Don’t want to travel? – not a problem – e-volunteering is here to stay

Don’t want to travel? – not a problem – e-volunteering is here to stay

We continue to be heartened by the wonderful work and close relationships that can be achieved through e-volunteering.  Our e-volunteers go from strength to strength and a number of them are now on their second e-volunteer placement.  Here are just a few examples to whet your appetite for this different but very worthwhile way to volunteer with a project overseas.

Eileen is about to start her second online book club, working with our partners in South Africa, Good Work Foundation.  The book club she led during 2021 with a group of facilitators was an outstanding success – they read ‘The Number 1 Ladies’ Detective Agency’ which led to some heated discussions on topics such as women’s empowerment and ways of dealing with abusive relationships.  For some students this was the first time they had read a book from cover to cover, and all of them said how much they enjoyed the discussions and how it had led to an increasing awareness of the importance of listening to each other’s opinions.  Eileen can’t wait to start the new book club with a new group of facilitators – the current challenge is choosing a new book to read!

Eileen with some members of the 2021 book club

Mike is running an online course with teachers in The Gambia, teaching them how to use various IT applications.  During his course he will be covering PowerPoint, Word, Outlook and Excel, personalising the materials to suit the different levels of knowledge of the course members.  He is working with a group of teachers from different schools and colleges, and with very different experiences of using technology – a real challenge especially in a country where Internet access is not always reliable!  The aim of the course is to build the capacity of the teachers, both to enhance their own use of IT and to enable them to make use of IT as a tool for teaching and learning with their own students.

waiting to start the first session

Dawn is using her experience as a retired paediatrician to work with staff at Treak Community Centre in Cambodia on issues such as physical and emotional development of teenagers – very new topics for Cambodians and not topics they would normally discuss openly .  Here is a summary of one of her recent sessions, written by Viphou, the young deputy head, followed by the reaction of Michael, our partner in Cambodia:

Dawn has shared us about child and emotional development for children age 9-17 years old. Dawn shared us a lot about how children develop their body, brain and hormones. Relate to girls’ puberty, Dawn shared us a lot about menstruation (periods). Indeed, we should keep pads and clean sanctuary for the safety of our girls. And if the girls are painful, take a pill and use the hot water bottle to feel the painful spot. And for teenage years, kids should not stop drinking milk / dairy products or do a diet (lose weight) since it’s not really beneficial for them. At their ages, they need vitamins, calcium and nutrients. Secondly, we learned about emotional development. I think this is my favorite topic. We got to learn how children develop their mood swing. Emotional impact can happen to children because of previous experiences, hormones and peer pressures. If peer pressures happen to our students or us, Dawn advices us to encourage our students and always remind them about how good they are and what they are capable of and that’s ok not to know everything and just because someone does it doesn’t mean we need to follow through. It’s our choice to be happy. Lastly, she said both sex education and contraception are quite important for all genders. If we learn and understand this all together, we will treat each other well, learn how to behave toward each other and aware what is a good and bad relationship. (Viphou)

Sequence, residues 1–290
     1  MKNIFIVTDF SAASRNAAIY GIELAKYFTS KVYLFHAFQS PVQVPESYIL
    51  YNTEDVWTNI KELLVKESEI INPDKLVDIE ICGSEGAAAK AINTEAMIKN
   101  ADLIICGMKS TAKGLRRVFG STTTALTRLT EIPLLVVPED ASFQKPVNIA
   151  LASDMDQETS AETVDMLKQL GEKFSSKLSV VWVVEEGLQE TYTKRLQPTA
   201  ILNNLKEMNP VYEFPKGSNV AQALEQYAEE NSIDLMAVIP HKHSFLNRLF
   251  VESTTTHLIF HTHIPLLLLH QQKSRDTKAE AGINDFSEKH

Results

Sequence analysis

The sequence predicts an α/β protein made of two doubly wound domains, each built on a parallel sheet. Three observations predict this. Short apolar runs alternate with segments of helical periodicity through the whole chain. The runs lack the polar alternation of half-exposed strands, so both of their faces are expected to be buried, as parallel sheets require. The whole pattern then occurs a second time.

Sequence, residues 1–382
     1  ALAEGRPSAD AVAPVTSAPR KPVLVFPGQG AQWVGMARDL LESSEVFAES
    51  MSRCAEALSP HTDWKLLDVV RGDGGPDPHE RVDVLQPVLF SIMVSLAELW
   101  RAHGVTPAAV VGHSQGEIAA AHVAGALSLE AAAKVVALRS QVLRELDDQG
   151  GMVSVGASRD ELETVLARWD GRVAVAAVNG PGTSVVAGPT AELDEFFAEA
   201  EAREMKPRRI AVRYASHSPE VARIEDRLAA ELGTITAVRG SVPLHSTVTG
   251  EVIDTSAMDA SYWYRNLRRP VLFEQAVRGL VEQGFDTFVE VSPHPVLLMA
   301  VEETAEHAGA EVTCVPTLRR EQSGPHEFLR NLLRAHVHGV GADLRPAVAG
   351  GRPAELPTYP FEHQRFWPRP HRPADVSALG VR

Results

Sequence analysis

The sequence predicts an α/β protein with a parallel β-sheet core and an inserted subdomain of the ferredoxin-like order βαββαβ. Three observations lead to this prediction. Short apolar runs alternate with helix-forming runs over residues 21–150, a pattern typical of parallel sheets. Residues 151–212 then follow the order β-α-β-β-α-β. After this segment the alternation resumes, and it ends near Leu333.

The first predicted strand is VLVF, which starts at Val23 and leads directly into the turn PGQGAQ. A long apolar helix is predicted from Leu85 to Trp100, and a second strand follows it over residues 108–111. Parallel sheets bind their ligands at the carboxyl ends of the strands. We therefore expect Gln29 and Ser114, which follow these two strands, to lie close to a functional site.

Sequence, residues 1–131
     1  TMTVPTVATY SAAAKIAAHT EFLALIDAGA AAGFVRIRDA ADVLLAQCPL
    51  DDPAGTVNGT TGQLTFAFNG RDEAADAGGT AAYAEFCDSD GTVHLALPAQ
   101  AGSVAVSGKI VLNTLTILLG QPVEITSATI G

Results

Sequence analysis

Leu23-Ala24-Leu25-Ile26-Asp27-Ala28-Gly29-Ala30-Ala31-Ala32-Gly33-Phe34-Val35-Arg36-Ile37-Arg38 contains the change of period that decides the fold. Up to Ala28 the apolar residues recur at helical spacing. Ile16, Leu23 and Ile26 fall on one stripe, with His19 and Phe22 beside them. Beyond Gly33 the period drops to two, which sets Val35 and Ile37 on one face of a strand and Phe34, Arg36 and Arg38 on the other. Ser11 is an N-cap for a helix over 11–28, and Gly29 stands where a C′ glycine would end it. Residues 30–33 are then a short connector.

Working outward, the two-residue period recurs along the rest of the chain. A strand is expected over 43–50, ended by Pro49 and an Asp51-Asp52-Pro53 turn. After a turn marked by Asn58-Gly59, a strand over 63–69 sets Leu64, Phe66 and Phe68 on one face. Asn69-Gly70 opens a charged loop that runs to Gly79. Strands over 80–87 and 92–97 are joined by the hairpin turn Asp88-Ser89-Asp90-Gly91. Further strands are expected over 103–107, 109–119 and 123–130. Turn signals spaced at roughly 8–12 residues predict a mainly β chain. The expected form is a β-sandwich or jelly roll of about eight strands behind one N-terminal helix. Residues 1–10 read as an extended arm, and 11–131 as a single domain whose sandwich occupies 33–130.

This is just wonderful. There’s some pretty important stuff in here, and stuff that’s not always easy to talk about in any culture, never mind Cambodia! (Michael)

Sharon is using her experience as an Events Organiser to help develop the No Woman Left Behind programme for vulnerable women in The Gambia.  Her focus is on women’s empowerment and her aim is to find ways to help these women develop self-esteem and the confidence to take responsibility for their own lives in future – so important for these women whose histories all involve some form of exploitation.  Sharon’s activities on themes such as ‘Self-esteem is something you can work on’ and ‘The importance of being a great communicator’ are all designed to be interactive, non-threatening and fun!  Working alongside Sharon, Sallie is using her business skills to provide activities based around the more prosaic areas the women will need to learn if they are to run their own businesses successfully and provide economically for their families.  She is helping them understand the fundamentals of business (right product, right place, right price, right quantity) as well as the important topic of cash control!  For the women taking the course, after a year learning the practicalities of catering, a year learning business skills could have felt very academic and challenging, particularly for those who were not able to complete fulltime education.  The materials produced by Sharon and Sallie, using their business and human resource skills, are all based around discussions and practical activities – not boring at all!

E-volunteering filled a gap during the pandemic – but we have learned it’s so much more than that and it’s certainly here to stay.  For people who would love to do a volunteer placement but are unable to travel for physical, financial, family or ethical reasons, the possibilities offered by an online placement are endless.  To learn more about our e-volunteer projects take a look here

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